If you ever come at stay here at Layhead Farm Cottages, take a walk along the main road to the village car park which you’ll find on the right-hand side of the road heading towards Settle. It’s just a few yards from Rathmell Brow (the hill leading into Rathmell).
Stand by the fence opposite the car park entrance (you might like to take some binoculars if you have some). Not only is this a fantastic spot to watch the early morning sunrise and the moon creep over the hills on a clear night, it’s also a wonderful place to view the valley.
As you look across to the hillside opposite, the village of Long Preston can be seen on the edge of the A65, the road which either takes you up to the Lakes and beyond or down towards to Skipton. You can’t help but notice how flat the valley is between Rathmell and Long Preston, and how wet many of the fields are.
Back in 2004 a floodplain project was set up to enhance the important wet grassland habitats of the Ribble floodplain between Long Preston and Settle – an area known as the Long Preston Deeps.
Part of the flood plain is a nationally important Site of Special Scientific Interest (SSSI) because the flat valley bottom and river features support unique wetland flora and fauna.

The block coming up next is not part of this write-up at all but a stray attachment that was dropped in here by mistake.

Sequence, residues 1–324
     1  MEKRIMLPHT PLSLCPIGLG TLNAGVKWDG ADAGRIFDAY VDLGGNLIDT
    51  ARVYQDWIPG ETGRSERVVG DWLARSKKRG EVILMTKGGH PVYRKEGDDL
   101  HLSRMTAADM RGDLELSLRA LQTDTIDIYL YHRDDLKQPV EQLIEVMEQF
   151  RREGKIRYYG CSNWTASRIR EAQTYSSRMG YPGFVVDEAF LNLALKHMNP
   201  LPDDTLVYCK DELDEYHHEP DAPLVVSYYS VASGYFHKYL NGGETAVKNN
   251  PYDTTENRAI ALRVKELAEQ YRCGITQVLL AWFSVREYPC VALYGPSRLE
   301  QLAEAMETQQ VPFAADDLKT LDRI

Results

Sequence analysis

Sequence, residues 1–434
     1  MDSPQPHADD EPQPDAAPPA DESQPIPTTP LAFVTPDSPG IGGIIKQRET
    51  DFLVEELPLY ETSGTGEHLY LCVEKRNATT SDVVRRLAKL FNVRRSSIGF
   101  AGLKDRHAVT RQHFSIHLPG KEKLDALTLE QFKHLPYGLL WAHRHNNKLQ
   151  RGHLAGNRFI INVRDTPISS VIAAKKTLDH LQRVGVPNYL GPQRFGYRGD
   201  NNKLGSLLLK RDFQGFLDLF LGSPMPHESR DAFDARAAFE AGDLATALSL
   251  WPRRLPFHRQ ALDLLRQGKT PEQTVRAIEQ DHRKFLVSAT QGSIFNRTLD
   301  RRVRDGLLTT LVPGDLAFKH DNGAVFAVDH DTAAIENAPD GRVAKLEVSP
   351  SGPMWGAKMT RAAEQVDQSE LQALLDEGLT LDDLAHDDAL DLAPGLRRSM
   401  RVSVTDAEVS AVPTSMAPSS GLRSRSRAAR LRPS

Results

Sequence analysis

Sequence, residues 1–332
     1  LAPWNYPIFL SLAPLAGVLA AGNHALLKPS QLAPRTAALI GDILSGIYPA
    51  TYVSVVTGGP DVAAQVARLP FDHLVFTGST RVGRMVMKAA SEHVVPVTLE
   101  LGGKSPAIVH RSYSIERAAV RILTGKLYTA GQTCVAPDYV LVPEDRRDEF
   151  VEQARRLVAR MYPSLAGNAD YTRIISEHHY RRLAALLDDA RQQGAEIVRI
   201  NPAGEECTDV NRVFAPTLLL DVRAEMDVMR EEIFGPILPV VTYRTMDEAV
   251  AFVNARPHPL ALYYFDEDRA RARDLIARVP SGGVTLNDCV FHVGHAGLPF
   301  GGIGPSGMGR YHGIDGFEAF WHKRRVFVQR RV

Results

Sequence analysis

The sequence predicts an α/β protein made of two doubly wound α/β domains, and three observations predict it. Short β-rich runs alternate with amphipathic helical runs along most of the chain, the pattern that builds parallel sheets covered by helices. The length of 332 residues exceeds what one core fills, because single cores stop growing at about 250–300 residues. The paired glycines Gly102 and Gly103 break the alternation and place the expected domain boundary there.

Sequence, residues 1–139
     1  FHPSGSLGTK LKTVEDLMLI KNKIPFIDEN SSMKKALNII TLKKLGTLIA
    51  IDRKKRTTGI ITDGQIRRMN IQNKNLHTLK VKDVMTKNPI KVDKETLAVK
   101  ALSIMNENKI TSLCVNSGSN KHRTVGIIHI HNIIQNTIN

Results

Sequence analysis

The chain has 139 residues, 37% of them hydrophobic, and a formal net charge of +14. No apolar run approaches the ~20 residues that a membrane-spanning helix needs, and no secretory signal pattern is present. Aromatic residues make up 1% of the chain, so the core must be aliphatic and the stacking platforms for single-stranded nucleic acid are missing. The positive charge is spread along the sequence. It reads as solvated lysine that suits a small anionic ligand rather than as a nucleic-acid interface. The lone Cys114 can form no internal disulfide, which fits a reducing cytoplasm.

And the reason why I am telling you all this is because today (2nd February 2021) is International World Wetlands Day.
Wetlands are important the world over, and many similar projects like the Long Preston floodplain project ensure that these important areas are looked after for generations to come.
Here are two reasons how wetlands keep us safe:
- Wetlands provide protection from floods and storms with each acre of wetland absorbing up to 1.5 million gallons of floodwater.
- Wetlands help regulate the climate: peatlands store twice as much carbon as forests, with saltmarshes, mangroves and seagrass beds also holding vast amounts of carbon.
Next time you visit Layhead Farm Cottages, make sure you plan a walk along the river side, following the public footpath, from Rathmell to Settle. You can see for yourself a landscape rich in many different species of birds, wildlife and plants.
On a calm summers day when the river is flowing normally, it’s quite a magical place.
Find out more about International World Wetlands Day HERE